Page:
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I have a revision that has been committed to SVN trunk which I would like to roll back. However, I would like to retain the changes in some fashion such as a branch or even a patch file. Any suggestions?

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up vote 12 down vote accepted

Reverse-merge (I think that was the term), commit and that's all.

For the "reverse-merge" part - TSVN has this cool feature called "Revert to this revision" (and "Revert changes from this revision"), accessible through the Log dialogue.

The main purpose of a VCS is to keep history of your changes. You could always go back to this particular revision by using "Update to revision..." or by using the aforementioned "shortcuts".

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And would I reinstate the changes at a later date? – Oleg Barshay Oct 20 '08 at 0:00
You can restore the changes by reverting the previous revert. – Greg Hewgill Oct 20 '08 at 0:04
Makes sense, thank you. – Oleg Barshay Oct 20 '08 at 0:05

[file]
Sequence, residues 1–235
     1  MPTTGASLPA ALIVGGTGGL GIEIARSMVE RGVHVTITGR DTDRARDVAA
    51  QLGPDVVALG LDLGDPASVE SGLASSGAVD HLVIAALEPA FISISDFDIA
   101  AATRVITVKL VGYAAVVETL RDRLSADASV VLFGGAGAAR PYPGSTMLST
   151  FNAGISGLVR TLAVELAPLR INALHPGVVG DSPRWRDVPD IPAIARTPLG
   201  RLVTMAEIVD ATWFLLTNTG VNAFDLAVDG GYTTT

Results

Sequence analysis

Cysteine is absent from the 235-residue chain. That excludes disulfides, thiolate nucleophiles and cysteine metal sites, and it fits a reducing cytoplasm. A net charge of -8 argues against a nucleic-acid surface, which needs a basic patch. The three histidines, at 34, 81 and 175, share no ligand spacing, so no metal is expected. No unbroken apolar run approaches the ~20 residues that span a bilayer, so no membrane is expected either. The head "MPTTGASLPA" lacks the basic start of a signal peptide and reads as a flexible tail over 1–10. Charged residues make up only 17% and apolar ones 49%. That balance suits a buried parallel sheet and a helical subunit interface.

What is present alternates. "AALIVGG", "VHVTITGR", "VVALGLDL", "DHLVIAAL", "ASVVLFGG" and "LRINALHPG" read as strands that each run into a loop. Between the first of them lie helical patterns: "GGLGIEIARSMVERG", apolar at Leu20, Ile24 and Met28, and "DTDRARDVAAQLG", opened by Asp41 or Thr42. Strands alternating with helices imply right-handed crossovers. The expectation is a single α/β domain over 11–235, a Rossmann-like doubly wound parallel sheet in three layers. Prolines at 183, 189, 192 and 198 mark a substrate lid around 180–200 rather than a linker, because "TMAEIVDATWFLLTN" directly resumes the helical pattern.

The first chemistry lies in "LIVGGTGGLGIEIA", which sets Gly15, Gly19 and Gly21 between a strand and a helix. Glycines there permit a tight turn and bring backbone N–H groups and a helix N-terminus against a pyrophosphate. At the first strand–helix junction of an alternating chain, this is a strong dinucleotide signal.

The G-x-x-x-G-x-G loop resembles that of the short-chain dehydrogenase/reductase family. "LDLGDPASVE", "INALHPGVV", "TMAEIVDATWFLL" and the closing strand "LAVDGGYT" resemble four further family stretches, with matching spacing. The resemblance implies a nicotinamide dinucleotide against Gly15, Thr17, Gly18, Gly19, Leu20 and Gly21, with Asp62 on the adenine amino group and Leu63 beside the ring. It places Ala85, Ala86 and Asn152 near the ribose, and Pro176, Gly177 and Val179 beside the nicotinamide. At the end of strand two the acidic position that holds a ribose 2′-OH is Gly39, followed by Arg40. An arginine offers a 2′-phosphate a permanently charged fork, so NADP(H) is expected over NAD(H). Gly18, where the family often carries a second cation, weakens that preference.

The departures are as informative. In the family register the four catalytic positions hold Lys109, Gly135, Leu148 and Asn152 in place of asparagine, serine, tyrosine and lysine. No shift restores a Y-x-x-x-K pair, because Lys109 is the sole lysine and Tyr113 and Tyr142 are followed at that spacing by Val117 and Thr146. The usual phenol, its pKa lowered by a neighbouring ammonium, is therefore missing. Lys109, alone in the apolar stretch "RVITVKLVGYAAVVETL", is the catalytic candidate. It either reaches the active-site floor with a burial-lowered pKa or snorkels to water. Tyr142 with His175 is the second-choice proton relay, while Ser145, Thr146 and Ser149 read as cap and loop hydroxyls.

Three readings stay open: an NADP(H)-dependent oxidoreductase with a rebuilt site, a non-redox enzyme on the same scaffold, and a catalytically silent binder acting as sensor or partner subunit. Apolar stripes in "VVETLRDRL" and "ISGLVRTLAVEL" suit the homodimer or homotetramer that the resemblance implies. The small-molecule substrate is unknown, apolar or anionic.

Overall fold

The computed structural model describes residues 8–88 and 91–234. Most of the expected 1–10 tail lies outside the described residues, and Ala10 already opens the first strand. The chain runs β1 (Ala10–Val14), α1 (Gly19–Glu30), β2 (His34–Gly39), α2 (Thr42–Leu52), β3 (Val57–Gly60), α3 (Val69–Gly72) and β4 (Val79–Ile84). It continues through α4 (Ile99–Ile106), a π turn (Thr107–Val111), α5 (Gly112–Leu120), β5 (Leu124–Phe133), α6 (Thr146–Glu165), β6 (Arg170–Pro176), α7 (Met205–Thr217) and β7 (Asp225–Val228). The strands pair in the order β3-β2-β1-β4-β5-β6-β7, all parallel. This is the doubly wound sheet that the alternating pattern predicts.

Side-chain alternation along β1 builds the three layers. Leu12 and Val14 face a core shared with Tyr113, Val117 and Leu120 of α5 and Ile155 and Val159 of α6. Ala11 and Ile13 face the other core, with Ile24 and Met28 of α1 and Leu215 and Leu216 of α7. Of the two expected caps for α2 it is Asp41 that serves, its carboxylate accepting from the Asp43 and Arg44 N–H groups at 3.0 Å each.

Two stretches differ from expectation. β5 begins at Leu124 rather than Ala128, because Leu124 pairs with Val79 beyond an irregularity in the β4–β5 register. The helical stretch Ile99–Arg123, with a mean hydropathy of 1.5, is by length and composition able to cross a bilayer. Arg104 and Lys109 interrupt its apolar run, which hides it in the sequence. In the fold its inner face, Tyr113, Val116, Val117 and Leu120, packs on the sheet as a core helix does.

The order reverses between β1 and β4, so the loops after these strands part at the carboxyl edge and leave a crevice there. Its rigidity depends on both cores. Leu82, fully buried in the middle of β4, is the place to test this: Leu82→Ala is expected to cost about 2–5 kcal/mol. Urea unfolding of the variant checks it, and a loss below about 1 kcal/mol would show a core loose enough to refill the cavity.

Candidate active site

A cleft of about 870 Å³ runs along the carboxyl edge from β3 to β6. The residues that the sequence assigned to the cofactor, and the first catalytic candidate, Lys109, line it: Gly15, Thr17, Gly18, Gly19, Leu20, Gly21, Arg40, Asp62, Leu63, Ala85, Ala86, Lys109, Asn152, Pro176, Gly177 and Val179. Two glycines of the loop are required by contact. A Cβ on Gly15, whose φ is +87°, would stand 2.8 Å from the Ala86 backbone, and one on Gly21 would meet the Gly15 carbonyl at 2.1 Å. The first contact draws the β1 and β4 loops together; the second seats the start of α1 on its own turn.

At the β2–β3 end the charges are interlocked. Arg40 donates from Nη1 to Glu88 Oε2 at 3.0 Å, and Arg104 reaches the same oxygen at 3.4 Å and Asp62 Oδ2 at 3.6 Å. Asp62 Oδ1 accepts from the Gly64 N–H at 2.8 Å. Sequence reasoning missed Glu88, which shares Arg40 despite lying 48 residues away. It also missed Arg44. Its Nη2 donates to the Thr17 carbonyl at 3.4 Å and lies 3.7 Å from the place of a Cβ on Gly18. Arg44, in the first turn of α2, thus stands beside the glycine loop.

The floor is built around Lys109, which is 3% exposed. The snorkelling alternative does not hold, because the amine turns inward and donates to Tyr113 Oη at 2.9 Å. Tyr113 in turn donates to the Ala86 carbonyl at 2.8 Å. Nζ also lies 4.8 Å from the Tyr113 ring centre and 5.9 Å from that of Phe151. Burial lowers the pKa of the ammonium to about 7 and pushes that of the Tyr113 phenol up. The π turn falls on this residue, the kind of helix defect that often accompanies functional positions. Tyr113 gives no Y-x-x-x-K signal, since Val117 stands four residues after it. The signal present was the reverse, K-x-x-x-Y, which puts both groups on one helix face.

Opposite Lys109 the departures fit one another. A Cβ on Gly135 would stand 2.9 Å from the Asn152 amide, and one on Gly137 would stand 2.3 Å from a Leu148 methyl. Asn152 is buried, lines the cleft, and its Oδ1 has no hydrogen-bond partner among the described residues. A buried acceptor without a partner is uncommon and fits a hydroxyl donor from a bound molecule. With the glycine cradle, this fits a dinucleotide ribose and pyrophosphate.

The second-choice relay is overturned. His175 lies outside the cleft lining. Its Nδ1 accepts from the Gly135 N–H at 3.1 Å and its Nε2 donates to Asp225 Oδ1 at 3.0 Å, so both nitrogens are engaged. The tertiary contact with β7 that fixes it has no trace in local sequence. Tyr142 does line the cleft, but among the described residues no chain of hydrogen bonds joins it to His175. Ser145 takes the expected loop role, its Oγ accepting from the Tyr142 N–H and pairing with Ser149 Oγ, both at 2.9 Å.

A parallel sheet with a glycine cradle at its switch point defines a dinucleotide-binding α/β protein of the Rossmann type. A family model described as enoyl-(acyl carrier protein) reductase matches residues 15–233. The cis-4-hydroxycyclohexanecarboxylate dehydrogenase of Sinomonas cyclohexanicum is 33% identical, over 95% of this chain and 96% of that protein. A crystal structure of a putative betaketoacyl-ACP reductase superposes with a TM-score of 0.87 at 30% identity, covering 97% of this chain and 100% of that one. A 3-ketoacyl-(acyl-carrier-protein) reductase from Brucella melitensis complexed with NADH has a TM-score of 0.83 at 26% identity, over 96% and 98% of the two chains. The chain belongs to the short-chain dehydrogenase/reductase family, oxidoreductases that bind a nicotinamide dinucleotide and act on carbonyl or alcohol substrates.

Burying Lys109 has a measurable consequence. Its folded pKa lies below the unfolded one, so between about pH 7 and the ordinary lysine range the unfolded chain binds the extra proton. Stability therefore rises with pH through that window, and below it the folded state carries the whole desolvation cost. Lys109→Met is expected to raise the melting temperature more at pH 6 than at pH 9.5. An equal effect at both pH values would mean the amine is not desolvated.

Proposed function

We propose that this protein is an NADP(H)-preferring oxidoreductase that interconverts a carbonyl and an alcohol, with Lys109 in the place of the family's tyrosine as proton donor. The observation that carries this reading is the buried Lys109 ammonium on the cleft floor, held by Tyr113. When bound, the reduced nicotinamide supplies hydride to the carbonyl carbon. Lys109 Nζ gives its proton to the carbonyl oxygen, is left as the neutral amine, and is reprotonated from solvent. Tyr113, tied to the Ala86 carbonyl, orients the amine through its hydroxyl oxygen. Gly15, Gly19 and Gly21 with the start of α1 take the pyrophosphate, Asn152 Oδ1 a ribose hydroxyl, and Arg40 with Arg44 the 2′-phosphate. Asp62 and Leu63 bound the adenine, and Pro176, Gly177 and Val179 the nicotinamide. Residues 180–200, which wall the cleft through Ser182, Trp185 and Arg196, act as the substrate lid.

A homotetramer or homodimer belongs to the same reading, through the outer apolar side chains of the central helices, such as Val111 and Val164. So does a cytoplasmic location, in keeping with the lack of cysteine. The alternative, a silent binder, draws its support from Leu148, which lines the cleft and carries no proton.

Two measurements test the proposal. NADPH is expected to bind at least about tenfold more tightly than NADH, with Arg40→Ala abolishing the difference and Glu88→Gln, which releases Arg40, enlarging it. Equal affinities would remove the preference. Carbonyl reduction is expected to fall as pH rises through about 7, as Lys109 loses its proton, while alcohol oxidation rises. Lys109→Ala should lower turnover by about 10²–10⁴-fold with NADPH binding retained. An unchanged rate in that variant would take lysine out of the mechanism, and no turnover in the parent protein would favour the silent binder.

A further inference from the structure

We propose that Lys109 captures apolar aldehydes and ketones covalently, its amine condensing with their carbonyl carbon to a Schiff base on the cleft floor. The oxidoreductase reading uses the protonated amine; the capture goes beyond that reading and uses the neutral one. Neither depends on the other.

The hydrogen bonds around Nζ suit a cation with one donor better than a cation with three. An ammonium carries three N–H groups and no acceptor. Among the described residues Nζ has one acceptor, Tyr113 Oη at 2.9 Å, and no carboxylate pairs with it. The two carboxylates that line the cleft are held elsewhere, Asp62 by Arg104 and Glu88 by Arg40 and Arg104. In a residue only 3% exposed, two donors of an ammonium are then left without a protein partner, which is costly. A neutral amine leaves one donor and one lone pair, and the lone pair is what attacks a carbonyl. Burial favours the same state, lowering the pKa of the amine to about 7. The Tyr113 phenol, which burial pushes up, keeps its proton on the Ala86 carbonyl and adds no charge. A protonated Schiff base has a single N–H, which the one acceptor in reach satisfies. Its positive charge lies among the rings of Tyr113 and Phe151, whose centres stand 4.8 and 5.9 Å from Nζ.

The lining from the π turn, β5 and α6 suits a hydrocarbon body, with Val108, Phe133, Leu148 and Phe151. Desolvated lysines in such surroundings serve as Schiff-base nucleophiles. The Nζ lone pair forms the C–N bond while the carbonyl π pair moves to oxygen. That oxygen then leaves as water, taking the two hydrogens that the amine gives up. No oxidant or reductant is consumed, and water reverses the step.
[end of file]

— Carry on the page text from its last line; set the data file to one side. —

This just saved my life :-) – cagcowboy Feb 13 '09 at 11:14
Odd - I don't see the "Revert to this revision" option. Is there a security setting that could hide this option from me? – Mike Cole Jul 15 '09 at 21:18

You can specify a particular revision when you do a copy (ie. branch).

Something like:

svn copy -rsome_revision trunk branches/interesting_branch

So roll back your changes in your trunk and then do your branch, specifying the revision before you commited your rollback (merge).

You can also capture the differences as a patch file, if that's what you really want to do, by redirecting the output of an svn diff to a text file. But that's usually not necessary, as the subversion merge commands give you this flexibility already.

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